Stream: wg-async-foundations

Topic: "recorded types from MIR" PR #65782


nikomatsakis (Dec 11 2019 at 19:30, on Zulip):

Hey @Aaron Hill -- I've been looking over PR #65782, do you want to chat about it soon-ish as we discussed?

Aaron Hill (Dec 11 2019 at 19:30, on Zulip):

Sure!

nikomatsakis (Dec 11 2019 at 19:30, on Zulip):

Actually I've mostly been pondering the main comment, I've not really looked at the code yet =)

Aaron Hill (Dec 11 2019 at 19:31, on Zulip):

There are essentially two parts:
1) Delaying the processing of generator-related obligations until mir typeck/borrowck
2) Changing how 'constituent tyoes' are defined for GeneratorWitness

nikomatsakis (Dec 11 2019 at 19:31, on Zulip):

Can you say a bit more about 2?

nikomatsakis (Dec 11 2019 at 19:31, on Zulip):

I'm mostly thinking about 1

Aaron Hill (Dec 11 2019 at 19:31, on Zulip):

I think the first part might actually be the more complicated part, since it involves changes to both typeck, TraitEngine/SelectionContext, and mir typeck/borrowck

Aaron Hill (Dec 11 2019 at 19:31, on Zulip):

sure

nikomatsakis (Dec 11 2019 at 19:32, on Zulip):

How I understood from the PR description is something like

nikomatsakis (Dec 11 2019 at 19:32, on Zulip):
nikomatsakis (Dec 11 2019 at 19:32, on Zulip):

we record that for posterity and just assume it's true

nikomatsakis (Dec 11 2019 at 19:32, on Zulip):

(perhaps in some "special mode")

nikomatsakis (Dec 11 2019 at 19:32, on Zulip):

then later in MIR code, we go and prove for real

Aaron Hill (Dec 11 2019 at 19:32, on Zulip):

That's correct

nikomatsakis (Dec 11 2019 at 19:32, on Zulip):

this is effectively similar to the idea of "reveal"

nikomatsakis (Dec 11 2019 at 19:32, on Zulip):

it interacts I think with specialization

Aaron Hill (Dec 11 2019 at 19:33, on Zulip):

How so? I would have assumed that specialization doesn't directly interact with generators

nikomatsakis (Dec 11 2019 at 19:33, on Zulip):

like, if you have a specialization that is true iff something is Send

Aaron Hill (Dec 11 2019 at 19:33, on Zulip):

Since you can't write impls for them

Aaron Hill (Dec 11 2019 at 19:34, on Zulip):

ah

nikomatsakis (Dec 11 2019 at 19:34, on Zulip):
trait MyTrait {
    type Bar;
}

impl<T> MyTrait for T { default type Bar = (); }
impl<T: Send> MyTrait for T { type Bar = u32; }
Aaron Hill (Dec 11 2019 at 19:34, on Zulip):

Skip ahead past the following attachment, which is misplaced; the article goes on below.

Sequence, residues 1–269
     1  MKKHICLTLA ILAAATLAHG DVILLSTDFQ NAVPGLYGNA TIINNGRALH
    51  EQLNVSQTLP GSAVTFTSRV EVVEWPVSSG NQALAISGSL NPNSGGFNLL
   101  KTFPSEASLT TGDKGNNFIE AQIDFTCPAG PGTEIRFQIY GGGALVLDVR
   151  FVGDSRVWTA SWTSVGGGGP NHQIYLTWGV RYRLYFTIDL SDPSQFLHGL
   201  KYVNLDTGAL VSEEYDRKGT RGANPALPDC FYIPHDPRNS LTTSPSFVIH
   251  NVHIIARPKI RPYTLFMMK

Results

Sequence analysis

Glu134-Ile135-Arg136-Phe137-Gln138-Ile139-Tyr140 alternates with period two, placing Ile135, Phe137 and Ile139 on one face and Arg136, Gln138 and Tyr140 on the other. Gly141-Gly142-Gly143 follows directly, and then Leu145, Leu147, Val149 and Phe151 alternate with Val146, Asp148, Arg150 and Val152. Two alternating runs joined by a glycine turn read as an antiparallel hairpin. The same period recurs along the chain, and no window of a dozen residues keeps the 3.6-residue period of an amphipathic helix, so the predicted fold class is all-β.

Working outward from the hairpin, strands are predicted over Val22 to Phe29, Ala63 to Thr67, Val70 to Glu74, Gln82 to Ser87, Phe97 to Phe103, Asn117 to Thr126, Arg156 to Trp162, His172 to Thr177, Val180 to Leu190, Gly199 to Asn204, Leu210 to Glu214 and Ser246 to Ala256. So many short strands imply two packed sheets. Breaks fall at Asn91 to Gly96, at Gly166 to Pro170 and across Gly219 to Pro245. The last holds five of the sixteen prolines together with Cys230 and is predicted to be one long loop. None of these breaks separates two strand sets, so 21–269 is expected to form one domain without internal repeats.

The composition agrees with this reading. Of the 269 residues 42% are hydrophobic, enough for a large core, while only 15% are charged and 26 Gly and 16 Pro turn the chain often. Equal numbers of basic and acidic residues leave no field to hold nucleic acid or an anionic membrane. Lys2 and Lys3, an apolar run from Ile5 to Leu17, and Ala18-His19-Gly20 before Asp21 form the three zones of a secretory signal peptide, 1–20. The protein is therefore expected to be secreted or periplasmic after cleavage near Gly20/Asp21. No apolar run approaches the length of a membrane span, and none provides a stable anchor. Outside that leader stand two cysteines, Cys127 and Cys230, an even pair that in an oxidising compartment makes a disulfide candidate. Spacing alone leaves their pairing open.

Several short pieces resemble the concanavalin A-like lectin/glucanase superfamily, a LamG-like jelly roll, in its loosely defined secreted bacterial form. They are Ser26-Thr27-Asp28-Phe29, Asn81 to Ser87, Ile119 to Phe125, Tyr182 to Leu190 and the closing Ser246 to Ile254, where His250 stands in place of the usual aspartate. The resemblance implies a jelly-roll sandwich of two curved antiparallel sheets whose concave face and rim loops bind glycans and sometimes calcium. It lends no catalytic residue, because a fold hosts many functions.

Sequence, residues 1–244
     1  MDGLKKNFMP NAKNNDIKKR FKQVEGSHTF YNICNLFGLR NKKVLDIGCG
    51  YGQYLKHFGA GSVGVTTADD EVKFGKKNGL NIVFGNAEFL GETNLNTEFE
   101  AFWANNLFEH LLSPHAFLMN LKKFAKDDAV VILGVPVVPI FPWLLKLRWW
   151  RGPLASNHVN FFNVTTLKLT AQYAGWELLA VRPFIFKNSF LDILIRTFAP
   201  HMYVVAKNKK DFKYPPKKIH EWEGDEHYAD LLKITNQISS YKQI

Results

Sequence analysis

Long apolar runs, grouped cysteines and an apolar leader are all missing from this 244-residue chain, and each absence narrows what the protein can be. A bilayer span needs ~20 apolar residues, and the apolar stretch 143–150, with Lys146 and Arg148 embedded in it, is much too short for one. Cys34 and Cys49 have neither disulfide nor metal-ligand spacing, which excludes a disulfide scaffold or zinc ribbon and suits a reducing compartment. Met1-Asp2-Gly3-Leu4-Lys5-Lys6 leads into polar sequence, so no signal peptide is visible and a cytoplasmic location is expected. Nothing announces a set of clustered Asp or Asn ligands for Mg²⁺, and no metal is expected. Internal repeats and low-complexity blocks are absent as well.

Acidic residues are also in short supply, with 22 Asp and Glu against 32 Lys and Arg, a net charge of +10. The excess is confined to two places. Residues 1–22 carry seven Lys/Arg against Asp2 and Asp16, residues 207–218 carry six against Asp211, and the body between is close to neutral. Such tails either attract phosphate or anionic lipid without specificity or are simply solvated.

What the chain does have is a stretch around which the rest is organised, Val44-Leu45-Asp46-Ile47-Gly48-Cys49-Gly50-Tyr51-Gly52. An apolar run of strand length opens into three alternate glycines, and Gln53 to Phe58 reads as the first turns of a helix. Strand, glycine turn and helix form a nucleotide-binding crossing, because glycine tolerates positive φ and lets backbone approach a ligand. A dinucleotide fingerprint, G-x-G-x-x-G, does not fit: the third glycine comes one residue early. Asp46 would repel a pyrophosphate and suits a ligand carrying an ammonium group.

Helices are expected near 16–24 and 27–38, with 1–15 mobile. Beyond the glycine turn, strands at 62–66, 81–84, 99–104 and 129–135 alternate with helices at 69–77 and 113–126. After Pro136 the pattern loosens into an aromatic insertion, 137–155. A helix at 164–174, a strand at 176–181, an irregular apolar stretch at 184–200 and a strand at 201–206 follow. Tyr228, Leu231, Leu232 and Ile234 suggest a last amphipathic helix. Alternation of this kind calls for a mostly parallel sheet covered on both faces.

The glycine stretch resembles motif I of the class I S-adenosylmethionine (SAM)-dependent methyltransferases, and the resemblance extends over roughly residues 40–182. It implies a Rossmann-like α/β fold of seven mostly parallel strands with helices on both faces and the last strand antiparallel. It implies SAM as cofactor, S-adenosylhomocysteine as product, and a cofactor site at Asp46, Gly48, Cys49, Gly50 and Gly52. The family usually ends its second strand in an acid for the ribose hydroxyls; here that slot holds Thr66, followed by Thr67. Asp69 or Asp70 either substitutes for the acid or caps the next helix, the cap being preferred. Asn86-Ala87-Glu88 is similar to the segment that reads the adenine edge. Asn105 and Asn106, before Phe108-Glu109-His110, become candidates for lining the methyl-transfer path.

I implemeneted the 'delayed generator witnesses' as a 'special mode' of TraitEngine

Aaron Hill (Dec 11 2019 at 19:34, on Zulip):

we only use this mode during type inference

nikomatsakis (Dec 11 2019 at 19:34, on Zulip):

I believe that, as presently defined, you can observe that <T as MyTrait>::Bar is u32

Aaron Hill (Dec 11 2019 at 19:34, on Zulip):

every other existing usage of TraitEngine/SelectionnContext gets the current behavior

nikomatsakis (Dec 11 2019 at 19:34, on Zulip):

(I'm thinking also about what this would mean for chalk)

Aaron Hill (Dec 11 2019 at 19:35, on Zulip):

oh, you're talking about specialization of assocaited types

Aaron Hill (Dec 11 2019 at 19:35, on Zulip):

I thought you were referring to the impl itself

Aaron Hill (Dec 11 2019 at 19:35, on Zulip):

hmm

nikomatsakis (Dec 11 2019 at 19:36, on Zulip):

I guess if I had concerns they would be:

nikomatsakis (Dec 11 2019 at 19:37, on Zulip):

yes, typeck can observe specializations, as you can see here

Aaron Hill (Dec 11 2019 at 19:37, on Zulip):

I'm not very familiar with specialization of associated types - where do we end up 'checking' (but not requiring) if a bound holds, so that we can see if the specialized impl should be used?

nikomatsakis (Dec 11 2019 at 19:37, on Zulip):

(interestingly, the current code cannot rely on the projection being () -- that is, we always assume new specializations could be added during typeck)

nikomatsakis (Dec 11 2019 at 19:37, on Zulip):

I'm not very familiar with specialization of associated types - where do we end up 'checking' (but not requiring) if a bound holds, so that we can see if the specialized impl should be used?

it happens in the select.rs code right now